The Constants of Nature
Inherent to the equations that describe the basic laws of nature are a few fundamental constants, including the speed of light, Planck’s constant, and the mass of a proton. John D. Barrow addresses the question of whether or not these fundamental constants remain constant, or vary over time. The consequences could be quite drastic. For example, if the fine structure constant, a measure of the strength of the electromagnetic interaction, were to vary by only one part in a thousand billion, atoms would not form. The fundamental constants of nature seem to be just the right values to support human life in our world.
Based upon the research of Barrow and others in astronomy, the fine structure constant may not be a constant after all, but has increased since the formation of the universe. Some cosmologists also claim that the speed of light has slowed down since the beginning of the universe. Barrow explores what these results might mean for the eventual fate of our universe. It is an intriguing read for anyone interested in the history and future of our universe and our place in it.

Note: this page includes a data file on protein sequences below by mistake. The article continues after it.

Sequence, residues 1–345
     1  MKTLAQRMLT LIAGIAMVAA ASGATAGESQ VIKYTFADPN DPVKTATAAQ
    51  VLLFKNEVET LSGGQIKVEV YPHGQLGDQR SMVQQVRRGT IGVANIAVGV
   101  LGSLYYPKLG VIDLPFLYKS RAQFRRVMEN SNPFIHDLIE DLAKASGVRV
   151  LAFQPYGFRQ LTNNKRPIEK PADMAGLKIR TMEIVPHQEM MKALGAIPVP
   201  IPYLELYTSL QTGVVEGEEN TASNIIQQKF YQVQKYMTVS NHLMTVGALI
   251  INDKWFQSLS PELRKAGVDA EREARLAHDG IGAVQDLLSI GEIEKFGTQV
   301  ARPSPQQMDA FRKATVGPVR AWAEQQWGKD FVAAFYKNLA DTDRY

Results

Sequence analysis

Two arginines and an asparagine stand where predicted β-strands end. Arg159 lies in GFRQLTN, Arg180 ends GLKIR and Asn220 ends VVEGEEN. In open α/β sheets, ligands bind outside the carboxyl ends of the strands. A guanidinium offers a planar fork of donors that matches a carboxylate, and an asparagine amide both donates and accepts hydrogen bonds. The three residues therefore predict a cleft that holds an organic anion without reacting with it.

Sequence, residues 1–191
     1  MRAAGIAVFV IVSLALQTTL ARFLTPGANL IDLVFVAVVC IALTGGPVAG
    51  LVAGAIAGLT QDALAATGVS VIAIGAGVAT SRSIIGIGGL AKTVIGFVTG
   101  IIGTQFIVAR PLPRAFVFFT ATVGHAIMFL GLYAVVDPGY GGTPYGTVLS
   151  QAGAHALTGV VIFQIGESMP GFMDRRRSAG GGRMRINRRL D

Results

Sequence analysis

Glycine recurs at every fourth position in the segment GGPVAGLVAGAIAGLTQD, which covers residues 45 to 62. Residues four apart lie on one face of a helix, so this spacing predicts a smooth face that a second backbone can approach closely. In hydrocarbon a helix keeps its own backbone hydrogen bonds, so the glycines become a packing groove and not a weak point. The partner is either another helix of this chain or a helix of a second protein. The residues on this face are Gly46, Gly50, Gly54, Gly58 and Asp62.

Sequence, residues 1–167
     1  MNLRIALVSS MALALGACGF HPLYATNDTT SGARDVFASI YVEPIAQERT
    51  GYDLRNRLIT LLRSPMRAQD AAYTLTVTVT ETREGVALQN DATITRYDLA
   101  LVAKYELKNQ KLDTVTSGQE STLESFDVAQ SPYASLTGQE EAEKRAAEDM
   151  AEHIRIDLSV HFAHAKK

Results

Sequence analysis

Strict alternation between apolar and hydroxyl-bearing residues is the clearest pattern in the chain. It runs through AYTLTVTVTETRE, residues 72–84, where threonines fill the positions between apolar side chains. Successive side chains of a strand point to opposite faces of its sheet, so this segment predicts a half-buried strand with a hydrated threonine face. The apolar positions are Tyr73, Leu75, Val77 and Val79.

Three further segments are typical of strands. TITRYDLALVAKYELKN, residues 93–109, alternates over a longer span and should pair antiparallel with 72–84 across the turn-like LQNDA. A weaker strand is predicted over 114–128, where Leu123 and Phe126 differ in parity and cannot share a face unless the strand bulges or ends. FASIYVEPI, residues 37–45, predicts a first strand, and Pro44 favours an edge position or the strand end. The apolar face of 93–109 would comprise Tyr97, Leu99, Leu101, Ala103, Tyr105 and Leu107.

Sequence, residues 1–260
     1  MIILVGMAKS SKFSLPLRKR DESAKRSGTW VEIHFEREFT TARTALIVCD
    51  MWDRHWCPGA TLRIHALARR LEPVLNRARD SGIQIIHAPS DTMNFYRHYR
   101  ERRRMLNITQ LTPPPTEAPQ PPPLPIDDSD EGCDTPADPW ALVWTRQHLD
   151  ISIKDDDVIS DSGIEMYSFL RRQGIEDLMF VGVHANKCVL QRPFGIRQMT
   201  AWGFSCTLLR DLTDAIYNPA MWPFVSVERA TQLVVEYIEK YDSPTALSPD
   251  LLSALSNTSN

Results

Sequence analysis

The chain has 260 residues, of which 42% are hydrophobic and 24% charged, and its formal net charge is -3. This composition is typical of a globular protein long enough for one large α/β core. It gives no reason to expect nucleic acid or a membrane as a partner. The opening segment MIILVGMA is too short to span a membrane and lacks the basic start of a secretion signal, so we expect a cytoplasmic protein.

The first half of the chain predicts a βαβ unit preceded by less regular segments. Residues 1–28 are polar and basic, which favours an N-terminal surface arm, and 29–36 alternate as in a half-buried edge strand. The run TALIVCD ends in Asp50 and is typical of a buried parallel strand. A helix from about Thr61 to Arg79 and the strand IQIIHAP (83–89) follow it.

As far as shortcomings, lay readers may struggle with some of the equations, as well as descriptions of theoretical physics. Barrow’s prose also tends to be cumbersome and rather difficult to follow in places. To offset the negatives, Barrow includes numerous analogies and examples to aid understanding, as well as many interesting biographical sketches, charts, and graphs. Some of the most exciting aspects of science and their relevance to humankind are addressed and made accessible to a general audience.